And was there any learnings that made you change your pivot, which you were doing?

Well, the fact is that we were actually really good, but we wanted to make their life easier. So we deployed new things that were not existing before. So we wanted to provide tools to help the customers when they are planning their trip to stores. They don't spend too much time outside because it was stressful. Like you said, people were scared. So we wanted to limit the interaction, limit the time they were out and provide the right tool so they can feel comfortable coming into our store.

Excellent. So what's the next step for the evolution of your brand?

So to me is what helps you build the overall plan, the overall strategy. So without these insights, you don't really know anything. You can't trust your feelings. You can do the things because you've always done it, but in the end you can't be 100% sure. So you need to measure the success, you need to do a postmortem, you need to dig into the data, you need to improve what you do, you need to scale, you need to learn. So basically, data starts a project, and the data ends the project also. So there's two and three for data. So at the beginning collect everything that helps you build what you're doing. But at the end you measure your success and you do a postmortem. So you learned out of it and you make the next one successful.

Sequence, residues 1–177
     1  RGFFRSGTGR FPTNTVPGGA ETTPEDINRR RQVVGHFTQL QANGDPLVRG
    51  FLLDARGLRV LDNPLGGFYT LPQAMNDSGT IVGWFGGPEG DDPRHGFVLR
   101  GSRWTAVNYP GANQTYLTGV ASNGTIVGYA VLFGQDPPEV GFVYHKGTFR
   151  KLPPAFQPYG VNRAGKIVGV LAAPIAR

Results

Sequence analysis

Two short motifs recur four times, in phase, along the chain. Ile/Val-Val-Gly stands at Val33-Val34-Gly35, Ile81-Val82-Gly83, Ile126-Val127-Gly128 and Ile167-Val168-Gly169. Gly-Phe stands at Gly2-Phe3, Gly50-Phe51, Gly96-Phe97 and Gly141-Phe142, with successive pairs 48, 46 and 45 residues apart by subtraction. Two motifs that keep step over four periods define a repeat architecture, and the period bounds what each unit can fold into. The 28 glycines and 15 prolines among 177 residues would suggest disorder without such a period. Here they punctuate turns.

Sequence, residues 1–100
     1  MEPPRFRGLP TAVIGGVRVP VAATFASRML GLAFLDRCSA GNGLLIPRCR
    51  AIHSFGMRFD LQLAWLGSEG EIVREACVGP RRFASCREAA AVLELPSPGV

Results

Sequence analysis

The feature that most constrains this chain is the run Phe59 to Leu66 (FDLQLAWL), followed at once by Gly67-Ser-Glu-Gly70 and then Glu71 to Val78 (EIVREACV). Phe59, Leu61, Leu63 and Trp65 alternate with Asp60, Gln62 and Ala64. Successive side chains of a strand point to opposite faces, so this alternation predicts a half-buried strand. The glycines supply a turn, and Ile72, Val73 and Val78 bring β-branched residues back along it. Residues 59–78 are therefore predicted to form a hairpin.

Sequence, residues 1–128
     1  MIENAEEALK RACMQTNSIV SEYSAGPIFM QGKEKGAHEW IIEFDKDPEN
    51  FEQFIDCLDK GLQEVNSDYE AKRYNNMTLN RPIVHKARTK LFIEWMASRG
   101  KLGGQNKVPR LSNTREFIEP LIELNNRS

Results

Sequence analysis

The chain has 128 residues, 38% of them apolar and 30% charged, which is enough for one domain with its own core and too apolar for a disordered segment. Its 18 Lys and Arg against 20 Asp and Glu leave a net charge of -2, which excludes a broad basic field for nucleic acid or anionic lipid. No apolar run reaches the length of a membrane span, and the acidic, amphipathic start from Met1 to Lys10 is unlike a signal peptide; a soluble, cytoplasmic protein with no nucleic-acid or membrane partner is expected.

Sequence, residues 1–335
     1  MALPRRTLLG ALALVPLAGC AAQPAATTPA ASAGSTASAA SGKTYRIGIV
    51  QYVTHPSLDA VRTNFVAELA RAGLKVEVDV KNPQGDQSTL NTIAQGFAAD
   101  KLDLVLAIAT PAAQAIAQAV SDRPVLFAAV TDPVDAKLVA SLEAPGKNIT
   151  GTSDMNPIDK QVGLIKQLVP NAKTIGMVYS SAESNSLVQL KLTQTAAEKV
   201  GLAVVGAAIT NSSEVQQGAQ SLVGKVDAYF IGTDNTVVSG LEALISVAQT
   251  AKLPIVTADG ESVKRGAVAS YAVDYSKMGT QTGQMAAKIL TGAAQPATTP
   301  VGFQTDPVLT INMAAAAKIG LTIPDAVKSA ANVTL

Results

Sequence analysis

Do you have anything? Is there anything still unknown?

Of course there's time to dig in again, but right now on my wish list is just that there's a lot of work that's done manually right now by my team and it takes a lot of time. So everything that can automate reports, so my team can work and dig into that and provide feedback and recommendation it's what I'm looking into right now. So really automation is key right now. So extract the report, and the analysts can concentrate on doing their job and do the analysis of the data.

Wonderful! Any closing words of wisdom for someone who's paying attention.

Honestly, I think that customer centricity is really key to success. You need to listen, there are tons of data that exists from just the sales, seasonality, the basket size, the type of category. Just start looking at small pieces and it's going to help you understand your customer, because at the end you just want to keep your customer engaged towards the brand and if you listen to him and you show your emotion and you're targeting the right way, he's going to stay with you.



Découvrez d’autres épisodes de Conversation CX.

Join the conversation.

Reach iAdvize’s engaged audience

Stand out from competition

Increase your brand awareness

Ted - Conversation Media (1)

Want to discover the solutions our platform offers?

Contact us